The Lessons of the Afghan War That No One Will Want to Learn

At the best of times, the U.S. tends to rush out heavily politicized studies of the lessons of war that are more political ammunition than serious analyses, and while these are followed by long formal studies that are often quite good, they then are often ignored as the flow of events moves on. These are scarcely the best of times. The collapse of the Afghan government and forces has occurred during one of the most partisan periods in American politics, followed by a totally different kind of conflict in Ukraine, all while the U.S. focus on terrorism and regional conflicts that began with 9/11 has been replaced by a focus on competition with nuclear superpowers like Russia and China.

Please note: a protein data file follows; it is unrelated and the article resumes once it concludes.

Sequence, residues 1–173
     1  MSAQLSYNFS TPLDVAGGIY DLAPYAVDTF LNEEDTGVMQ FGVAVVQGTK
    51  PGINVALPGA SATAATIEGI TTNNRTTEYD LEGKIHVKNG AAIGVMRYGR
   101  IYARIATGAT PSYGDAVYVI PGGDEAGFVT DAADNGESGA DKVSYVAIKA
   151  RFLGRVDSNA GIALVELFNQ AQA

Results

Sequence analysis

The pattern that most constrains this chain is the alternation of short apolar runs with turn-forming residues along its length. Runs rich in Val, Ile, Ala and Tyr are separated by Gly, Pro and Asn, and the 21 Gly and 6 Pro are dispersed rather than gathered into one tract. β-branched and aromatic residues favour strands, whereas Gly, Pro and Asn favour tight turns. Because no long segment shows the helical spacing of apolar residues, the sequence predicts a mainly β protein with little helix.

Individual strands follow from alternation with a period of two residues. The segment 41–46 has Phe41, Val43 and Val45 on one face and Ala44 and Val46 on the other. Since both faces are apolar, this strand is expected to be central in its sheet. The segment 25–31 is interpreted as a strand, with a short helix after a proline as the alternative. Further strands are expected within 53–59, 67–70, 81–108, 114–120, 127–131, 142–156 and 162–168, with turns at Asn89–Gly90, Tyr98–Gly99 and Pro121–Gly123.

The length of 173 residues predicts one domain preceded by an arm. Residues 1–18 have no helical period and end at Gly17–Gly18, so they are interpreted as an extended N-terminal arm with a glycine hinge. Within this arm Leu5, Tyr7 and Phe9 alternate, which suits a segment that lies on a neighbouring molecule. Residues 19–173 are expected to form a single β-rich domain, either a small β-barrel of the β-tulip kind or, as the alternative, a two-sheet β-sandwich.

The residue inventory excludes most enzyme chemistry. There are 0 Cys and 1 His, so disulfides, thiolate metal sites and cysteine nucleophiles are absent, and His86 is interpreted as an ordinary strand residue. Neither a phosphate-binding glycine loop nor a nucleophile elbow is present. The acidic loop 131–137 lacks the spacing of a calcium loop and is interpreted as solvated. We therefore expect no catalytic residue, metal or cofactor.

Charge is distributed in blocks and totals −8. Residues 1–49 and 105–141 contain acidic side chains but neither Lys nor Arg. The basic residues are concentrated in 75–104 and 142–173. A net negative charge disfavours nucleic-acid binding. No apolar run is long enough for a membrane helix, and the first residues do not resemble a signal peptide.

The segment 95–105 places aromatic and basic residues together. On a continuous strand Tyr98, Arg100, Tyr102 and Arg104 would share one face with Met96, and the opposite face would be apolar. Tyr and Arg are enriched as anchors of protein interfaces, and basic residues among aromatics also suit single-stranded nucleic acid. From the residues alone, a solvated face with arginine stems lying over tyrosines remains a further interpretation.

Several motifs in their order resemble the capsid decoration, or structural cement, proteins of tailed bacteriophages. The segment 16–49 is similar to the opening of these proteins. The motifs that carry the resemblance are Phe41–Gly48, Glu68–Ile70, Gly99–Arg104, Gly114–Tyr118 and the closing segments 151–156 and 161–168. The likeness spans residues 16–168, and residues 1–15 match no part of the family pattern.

The very fact that the war stretched out over two decades has meant that much of the focus on lessons has ignored the first half or more of the war, and the almost inevitable chaos following the U.S. decision to withdraw has led to the focus on the collapse of the Afghan forces and the central government rather than on the actual conduct of the war – and few within the U.S. government now want to rake over the list of past mistakes that turned an initial tactical victory into a massive grand strategic defeat.

This report entitled, The Lessons of the Afghan War that No One Will Want to Learn, is available for download at

Anthony H. Cordesman holds the Emeritus Chair in Strategy at the Center for Strategic and International Studies in Washington, D.C. He has written and directed numerous books and studies for CSIS; was awarded the Department of Defense Distinguished Service medal; and served in senior positions in the National Security Council, State Department, Office of the Secretary of Defense, Department of Energy, and staff of the U.S. Senate.